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Publication numberUS4674199 A
Publication typeGrant
Application numberUS 06/849,024
Publication dateJun 23, 1987
Filing dateApr 7, 1986
Priority dateApr 7, 1986
Fee statusLapsed
Publication number06849024, 849024, US 4674199 A, US 4674199A, US-A-4674199, US4674199 A, US4674199A
InventorsNikola Lakic
Original AssigneeNikola Lakic
Export CitationBiBTeX, EndNote, RefMan
External Links: USPTO, USPTO Assignment, Espacenet
Shoe with internal foot warmer
US 4674199 A
There is disclosed a shoe with an internal warming mechanism which comprises an electrical resistance coil in the sole or upper coverings of the shoe, and with an electrical generation mechanism in the heel of the shoe which is driven by the up-and-down movements of the wearer's heel which accompanies normal activities such as skiing, hiking, etc. The electrical generator includes an armature mounted for rotational movement in a magnetic field and mechanically connected to a vertical post which is dependent on the undersurface of the heel portion of the inner sole of the shoe. The post is connected through a vertical spiral groove to a sleeve which is coupled with an escapement to a flywheel that is unidirectionally driven by the sleeve. The flywheel is coupled through a gear train to the armature of the electrical generator.
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What is claimed is:
1. A shoe with internal warming means comprising:
a. a shoe subassembly of an external sole plate and an upper foot covering coextensive with, and extending above said external sole plate;
b. a heel fixedly secured on the rear undersurface of said external sole plate and having an internal cavity therein;
c. an internal sole plate pivotally mounted on a hinge at a forward location in said shoe for up and down movement above said heel;
d. at least one electrical resistance heater received within said shoe subassembly;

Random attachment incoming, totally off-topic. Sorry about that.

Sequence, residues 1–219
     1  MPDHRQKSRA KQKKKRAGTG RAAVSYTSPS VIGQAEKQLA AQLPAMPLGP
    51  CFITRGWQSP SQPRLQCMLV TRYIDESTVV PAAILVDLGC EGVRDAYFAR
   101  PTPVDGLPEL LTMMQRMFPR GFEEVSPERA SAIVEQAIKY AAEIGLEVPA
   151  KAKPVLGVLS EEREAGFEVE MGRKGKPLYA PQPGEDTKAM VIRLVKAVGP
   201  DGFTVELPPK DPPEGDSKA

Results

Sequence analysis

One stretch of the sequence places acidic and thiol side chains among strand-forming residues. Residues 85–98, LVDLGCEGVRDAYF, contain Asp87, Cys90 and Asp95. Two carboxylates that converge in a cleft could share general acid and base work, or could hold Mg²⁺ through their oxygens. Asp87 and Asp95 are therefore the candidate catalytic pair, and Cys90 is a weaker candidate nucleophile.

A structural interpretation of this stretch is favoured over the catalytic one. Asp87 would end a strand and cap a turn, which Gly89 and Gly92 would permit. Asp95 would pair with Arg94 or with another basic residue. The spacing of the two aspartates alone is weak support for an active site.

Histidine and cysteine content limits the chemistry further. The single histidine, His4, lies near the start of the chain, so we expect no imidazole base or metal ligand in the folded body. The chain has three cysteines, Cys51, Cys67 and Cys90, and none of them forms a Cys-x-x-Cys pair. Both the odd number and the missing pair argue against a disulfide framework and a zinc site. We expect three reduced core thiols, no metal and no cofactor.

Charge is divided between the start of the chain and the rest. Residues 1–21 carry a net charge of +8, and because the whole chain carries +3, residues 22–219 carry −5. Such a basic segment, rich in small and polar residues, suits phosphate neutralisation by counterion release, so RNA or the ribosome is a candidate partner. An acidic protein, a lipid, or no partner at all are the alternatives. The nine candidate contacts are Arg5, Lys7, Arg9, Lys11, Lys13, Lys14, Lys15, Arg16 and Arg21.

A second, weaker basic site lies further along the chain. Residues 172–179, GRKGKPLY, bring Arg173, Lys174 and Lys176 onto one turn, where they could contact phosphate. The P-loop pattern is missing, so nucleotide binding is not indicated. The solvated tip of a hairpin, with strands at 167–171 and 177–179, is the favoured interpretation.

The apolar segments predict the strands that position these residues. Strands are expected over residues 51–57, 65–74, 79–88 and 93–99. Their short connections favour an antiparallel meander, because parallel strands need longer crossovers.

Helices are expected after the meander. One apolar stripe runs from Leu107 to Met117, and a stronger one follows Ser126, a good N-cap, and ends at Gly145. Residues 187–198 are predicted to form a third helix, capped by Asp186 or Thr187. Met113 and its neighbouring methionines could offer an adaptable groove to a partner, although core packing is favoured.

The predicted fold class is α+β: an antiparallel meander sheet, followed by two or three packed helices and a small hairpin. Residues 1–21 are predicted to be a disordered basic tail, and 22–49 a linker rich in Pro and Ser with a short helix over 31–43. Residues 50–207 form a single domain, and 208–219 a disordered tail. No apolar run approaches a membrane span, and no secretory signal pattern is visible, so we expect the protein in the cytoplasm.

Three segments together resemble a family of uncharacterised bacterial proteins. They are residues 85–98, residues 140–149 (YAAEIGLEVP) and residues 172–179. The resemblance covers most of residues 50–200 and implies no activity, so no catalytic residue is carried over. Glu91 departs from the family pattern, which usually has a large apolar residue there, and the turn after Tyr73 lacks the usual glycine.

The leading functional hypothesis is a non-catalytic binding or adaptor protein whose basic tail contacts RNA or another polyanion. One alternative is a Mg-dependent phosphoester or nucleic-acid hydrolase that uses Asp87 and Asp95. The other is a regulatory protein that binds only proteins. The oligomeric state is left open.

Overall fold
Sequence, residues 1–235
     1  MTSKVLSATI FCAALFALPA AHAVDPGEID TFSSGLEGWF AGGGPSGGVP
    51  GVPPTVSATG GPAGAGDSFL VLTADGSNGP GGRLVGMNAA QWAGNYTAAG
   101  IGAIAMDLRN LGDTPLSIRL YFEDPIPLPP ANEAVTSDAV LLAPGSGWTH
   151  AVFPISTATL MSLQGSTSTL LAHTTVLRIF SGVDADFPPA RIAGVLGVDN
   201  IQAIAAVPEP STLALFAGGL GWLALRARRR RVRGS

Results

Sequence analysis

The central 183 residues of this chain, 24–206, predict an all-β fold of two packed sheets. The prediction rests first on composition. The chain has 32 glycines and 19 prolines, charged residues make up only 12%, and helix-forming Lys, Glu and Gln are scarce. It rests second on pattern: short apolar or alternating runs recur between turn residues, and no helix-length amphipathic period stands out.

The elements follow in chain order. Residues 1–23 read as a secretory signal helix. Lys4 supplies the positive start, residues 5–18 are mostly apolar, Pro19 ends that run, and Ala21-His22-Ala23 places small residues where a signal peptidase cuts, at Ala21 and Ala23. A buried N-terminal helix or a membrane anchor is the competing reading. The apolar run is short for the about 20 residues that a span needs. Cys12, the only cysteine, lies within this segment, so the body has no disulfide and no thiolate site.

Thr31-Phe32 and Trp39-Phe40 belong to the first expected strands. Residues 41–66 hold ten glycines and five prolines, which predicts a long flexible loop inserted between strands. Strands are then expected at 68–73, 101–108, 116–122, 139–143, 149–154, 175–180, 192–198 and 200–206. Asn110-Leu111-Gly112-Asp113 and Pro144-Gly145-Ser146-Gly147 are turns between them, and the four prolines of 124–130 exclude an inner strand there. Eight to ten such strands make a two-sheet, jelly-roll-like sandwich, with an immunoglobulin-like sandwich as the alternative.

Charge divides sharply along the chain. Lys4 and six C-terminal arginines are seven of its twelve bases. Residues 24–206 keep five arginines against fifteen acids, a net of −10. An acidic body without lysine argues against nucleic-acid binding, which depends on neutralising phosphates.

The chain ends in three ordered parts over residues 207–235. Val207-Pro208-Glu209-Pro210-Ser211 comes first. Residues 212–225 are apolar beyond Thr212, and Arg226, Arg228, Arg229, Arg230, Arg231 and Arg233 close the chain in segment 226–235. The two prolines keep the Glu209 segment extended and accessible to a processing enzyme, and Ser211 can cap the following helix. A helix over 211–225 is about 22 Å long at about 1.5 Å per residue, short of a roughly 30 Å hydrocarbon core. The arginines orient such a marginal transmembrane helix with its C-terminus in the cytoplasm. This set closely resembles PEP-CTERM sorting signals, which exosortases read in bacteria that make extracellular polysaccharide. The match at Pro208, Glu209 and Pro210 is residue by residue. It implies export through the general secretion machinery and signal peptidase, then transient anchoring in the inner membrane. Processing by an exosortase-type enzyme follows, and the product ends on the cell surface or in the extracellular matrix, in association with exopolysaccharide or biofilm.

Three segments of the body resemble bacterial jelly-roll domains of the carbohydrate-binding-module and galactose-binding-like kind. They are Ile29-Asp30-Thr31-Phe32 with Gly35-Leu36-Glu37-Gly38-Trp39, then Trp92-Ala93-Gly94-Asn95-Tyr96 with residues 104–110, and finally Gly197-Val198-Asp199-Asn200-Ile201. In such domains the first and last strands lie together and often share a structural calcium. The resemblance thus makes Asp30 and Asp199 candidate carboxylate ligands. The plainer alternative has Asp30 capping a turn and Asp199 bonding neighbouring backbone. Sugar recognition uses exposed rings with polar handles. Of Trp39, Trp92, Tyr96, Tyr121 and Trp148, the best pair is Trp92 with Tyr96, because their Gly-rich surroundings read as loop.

e. electrical power generation means mounted within said cavity of said heel with electrical conductor leads connecting said power generation means in series to said electrical resistance heater;
f. lever means received in said cavity of said heel and operatively mounted on the internal sole plate and connected in a driving relationship to said power generation means whereby vertical movement of said internal sole plate is effective to generate electrical power to effect warming of said shoe by said electrical resistance heater.
2. The shoe of claim 1 including a post on the undersurface of said internal sole plate and an upright housing receiving said post whereby movement of said sole plate effects vertical displacement of said post in said housing.
3. The shoe of claim 2 wherein said housing is a cylindrical cavity with a sleeve rotatably received therein and interconnecting means on each of said post and sleeve whereby vertical displacement of said post effects rotation of said sleeve.
4. The shoe of claim 3 wherein said sleeve has a helical groove along its internal wall and said post has a protruding pin which is received in said helical groove.
5. The shoe of claim 4 including bearing means received in said cylindrical cavity for vertical and lateral bearing support of said sleeve.
6. The shoe of claim 5 wherein said sleeve supports a horizontal flywheel with interlocking means between said flywheel and sleeve whereby rotation of said sleeve effects rotational movement of said flywheel, and gear means on said flywheel interconnecting said flywheel to said electrical power generation means.
7. The shoe of claim 6 wherein said electrical power generation means includes a stator and an armature rotatably mounted therin on a power input shaft, with gear means on said power input shaft interconnected to said gear means of said flywheel.
8. The shoe of claim 7 including two said electrical power generation means, each with its own power input shaft which in interconnected in said gear means of said flywheel.
9. The shoe of claim 8 wherein said gear means on said flywheel comprise a plurality of gear teeth disposed about the periphery of said flywheel.
10. The shoe of claim 9 including escapement means mounted on said post and operatively connected to said flywheel, whereby up and down displacements of said post are translated to unidirectional rotational movement of said flywheel.